Central Basin, south side (Rios trailhead); Oct. 2011
East Basin, south side (revegetation area at Santa Carina trailhead); Aug. 2018
East Basin, south side (Santa Carina trailhead); Sept. 2010
Central Basin, south side (Rios trailhead); Sept. 2007
Central Basin, south side (Rios trailhead); Sept. 2007
flower heads surrounded by papery phyllaries; East Basin, south side (Santa Carina trailhead); Sept. 2018
unopened flower heads; East Basin, south side (Santa Carina trailhead); Aug. 2018
blooming flower heads; East Basin, south side (Santa Carina trailhead); Sept. 2018
blooming flower heads; East Basin, south side (Santa Carina trailhead); Sept. 2010
blooming flower heads; Central Basin, south side (Rios trailhead); Sept. 2007
blooming flower heads; Central Basin, south side (Rios trailhead); Sept. 2007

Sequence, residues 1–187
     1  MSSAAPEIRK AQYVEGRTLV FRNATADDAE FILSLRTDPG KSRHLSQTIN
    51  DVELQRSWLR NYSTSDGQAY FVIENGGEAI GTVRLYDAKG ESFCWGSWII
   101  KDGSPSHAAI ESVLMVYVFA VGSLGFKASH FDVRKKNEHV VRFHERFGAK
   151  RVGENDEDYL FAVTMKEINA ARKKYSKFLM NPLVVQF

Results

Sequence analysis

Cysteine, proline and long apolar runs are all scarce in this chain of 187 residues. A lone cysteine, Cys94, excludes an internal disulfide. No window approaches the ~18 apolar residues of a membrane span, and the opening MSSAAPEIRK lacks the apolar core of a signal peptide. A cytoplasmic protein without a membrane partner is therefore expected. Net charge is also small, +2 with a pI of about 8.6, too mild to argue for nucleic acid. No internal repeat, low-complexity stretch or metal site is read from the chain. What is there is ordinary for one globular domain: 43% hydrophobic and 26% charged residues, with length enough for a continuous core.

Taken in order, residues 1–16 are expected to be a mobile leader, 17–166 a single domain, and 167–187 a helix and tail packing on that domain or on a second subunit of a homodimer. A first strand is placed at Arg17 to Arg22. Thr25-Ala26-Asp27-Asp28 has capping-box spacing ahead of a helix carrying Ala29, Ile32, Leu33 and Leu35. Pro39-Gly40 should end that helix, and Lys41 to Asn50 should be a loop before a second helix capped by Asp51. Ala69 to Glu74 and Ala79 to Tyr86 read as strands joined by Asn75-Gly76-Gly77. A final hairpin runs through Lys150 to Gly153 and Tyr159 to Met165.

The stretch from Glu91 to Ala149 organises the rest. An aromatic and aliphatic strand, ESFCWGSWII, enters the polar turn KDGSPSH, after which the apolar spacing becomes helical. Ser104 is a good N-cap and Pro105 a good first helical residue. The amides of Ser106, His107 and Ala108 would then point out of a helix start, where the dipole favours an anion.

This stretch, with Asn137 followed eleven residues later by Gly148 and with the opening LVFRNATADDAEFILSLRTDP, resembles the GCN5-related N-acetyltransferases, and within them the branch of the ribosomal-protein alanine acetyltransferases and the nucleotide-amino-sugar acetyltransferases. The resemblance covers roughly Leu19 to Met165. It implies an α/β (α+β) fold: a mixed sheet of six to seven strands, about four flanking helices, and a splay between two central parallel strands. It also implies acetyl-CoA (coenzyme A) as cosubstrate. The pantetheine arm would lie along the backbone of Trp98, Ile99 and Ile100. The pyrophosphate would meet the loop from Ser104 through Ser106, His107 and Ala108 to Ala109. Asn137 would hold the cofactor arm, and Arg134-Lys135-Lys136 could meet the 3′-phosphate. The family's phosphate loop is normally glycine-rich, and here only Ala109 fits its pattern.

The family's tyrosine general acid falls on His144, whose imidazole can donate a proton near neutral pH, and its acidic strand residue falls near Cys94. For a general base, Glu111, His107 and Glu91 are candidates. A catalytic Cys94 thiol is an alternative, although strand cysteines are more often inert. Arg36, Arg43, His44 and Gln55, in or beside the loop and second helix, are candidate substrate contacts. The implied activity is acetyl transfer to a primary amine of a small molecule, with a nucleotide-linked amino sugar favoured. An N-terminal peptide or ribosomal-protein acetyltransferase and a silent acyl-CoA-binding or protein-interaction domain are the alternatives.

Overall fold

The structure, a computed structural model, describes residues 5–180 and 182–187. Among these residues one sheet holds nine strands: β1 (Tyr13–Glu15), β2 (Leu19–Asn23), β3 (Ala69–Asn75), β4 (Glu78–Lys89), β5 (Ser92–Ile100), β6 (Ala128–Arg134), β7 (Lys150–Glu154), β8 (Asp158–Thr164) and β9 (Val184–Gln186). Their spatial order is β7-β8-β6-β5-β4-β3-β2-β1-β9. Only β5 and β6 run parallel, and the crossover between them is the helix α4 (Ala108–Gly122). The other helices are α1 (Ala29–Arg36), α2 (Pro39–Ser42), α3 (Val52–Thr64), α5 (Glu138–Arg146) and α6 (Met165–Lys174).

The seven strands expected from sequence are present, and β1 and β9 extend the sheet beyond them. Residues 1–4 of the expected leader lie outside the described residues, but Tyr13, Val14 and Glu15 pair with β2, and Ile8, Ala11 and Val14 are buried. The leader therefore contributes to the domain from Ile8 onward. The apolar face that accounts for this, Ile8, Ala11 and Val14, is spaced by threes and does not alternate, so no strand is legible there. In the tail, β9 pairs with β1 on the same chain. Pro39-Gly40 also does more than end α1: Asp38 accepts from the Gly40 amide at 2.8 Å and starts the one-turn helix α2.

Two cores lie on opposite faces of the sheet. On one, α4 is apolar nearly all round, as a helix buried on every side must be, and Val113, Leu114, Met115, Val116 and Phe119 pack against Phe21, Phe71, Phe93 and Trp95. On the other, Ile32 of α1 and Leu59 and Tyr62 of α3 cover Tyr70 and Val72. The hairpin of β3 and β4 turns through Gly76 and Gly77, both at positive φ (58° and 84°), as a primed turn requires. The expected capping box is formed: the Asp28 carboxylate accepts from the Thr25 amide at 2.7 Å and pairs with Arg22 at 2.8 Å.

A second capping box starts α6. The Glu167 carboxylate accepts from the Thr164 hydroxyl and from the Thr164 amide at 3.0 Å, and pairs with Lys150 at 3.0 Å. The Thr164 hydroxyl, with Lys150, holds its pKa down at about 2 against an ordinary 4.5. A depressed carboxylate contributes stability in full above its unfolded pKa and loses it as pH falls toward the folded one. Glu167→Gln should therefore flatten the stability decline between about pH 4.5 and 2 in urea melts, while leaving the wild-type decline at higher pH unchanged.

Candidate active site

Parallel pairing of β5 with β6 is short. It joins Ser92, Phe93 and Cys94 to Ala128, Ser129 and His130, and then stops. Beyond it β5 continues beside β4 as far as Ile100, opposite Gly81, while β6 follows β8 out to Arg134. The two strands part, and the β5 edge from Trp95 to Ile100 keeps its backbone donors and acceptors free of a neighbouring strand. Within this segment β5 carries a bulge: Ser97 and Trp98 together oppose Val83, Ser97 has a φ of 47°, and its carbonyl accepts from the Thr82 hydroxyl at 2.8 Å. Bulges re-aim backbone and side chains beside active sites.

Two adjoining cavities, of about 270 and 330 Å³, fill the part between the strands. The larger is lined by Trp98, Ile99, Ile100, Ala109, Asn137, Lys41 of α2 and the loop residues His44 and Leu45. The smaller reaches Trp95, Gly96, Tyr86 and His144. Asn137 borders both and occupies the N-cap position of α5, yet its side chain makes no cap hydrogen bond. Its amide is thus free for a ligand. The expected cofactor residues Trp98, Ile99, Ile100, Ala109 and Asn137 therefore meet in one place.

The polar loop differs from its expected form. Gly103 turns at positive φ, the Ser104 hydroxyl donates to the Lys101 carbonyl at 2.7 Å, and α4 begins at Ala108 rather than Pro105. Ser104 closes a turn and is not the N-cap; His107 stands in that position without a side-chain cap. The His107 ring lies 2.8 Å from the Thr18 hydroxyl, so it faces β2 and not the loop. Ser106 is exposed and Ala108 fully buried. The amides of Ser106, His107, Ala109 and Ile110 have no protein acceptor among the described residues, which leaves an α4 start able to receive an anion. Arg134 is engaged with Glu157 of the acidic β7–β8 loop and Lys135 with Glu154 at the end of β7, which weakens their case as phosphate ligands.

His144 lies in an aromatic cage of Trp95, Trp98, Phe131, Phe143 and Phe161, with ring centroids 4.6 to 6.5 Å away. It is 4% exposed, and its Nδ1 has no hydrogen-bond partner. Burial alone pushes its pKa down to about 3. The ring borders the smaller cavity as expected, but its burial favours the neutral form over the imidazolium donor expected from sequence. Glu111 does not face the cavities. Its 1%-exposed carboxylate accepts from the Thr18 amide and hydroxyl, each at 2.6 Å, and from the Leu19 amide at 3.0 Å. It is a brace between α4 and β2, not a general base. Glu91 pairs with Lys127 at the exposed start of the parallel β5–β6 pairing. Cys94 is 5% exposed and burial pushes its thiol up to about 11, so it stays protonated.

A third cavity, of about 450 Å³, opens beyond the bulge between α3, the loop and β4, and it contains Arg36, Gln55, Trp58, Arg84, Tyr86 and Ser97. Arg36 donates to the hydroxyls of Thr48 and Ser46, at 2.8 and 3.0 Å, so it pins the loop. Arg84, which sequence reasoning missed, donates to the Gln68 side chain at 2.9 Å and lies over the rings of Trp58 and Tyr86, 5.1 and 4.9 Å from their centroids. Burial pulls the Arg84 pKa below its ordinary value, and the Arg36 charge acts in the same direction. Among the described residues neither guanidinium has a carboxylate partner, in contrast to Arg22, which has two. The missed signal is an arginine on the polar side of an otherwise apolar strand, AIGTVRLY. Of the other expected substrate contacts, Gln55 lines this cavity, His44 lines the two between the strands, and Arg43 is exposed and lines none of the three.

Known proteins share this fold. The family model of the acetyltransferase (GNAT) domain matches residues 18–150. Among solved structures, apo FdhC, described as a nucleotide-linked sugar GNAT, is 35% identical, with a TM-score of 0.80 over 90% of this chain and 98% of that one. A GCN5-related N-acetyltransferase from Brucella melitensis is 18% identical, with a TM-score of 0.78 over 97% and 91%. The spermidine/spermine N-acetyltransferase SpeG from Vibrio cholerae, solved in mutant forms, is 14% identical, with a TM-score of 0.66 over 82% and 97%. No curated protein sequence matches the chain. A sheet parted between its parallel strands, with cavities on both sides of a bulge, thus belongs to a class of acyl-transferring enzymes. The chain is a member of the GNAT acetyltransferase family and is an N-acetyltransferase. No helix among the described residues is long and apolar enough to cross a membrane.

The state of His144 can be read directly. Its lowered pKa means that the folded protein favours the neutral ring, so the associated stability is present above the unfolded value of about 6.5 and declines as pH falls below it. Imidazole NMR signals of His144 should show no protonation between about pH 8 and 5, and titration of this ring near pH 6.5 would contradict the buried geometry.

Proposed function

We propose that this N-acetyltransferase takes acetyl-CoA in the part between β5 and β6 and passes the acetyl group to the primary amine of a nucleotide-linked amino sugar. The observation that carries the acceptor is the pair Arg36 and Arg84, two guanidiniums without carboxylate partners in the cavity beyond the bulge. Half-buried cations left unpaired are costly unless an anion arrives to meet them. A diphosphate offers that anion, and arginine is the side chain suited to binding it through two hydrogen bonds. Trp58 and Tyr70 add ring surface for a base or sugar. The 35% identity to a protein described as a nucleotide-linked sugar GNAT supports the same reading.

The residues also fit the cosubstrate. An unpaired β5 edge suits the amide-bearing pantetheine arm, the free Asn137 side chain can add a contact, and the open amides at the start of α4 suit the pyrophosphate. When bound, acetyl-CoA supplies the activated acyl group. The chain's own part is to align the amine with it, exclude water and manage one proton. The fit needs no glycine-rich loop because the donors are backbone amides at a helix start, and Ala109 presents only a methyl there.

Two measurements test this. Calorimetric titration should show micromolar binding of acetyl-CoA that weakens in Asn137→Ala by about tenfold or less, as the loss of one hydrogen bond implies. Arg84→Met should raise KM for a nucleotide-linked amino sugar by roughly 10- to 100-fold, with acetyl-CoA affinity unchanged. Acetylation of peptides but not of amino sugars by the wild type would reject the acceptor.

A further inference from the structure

one blooming flower head; East Basin, south side (Santa Carina trailhead); Aug. 2018
portion of a flower head; larger florets are bisexual; fine bristles are parts of the pappus; East Basin, south side (Santa Carina trailhead); Sept. 2018
after release of seeds, phyllaries remain on plant; East Basin, south side (Santa Carina trailhead); Sept. 2018
old phyllaries resemble petals; East Basin, south side (Santa Carina trailhead); Sept. 2018
East Basin, south side (Santa Carina trailhead); Sept. 2018
decurrent leaf bases; East Basin, south side (Santa Carina trailhead); Sept. 2018
a small fly visiting flower heads; East Basin, south side (Santa Carina trailhead); Sept. 2018
a large green lynx spider with prey; East Basin, south side (Santa Carina trailhead); Sept. 2018
 green lynx spider on her egg case; East Basin, south side (Santa Carina trailhead); Sept. 2018
caterpillar of an American lady butterfly; East Basin, south side (Santa Carina trailhead); Sept. 2018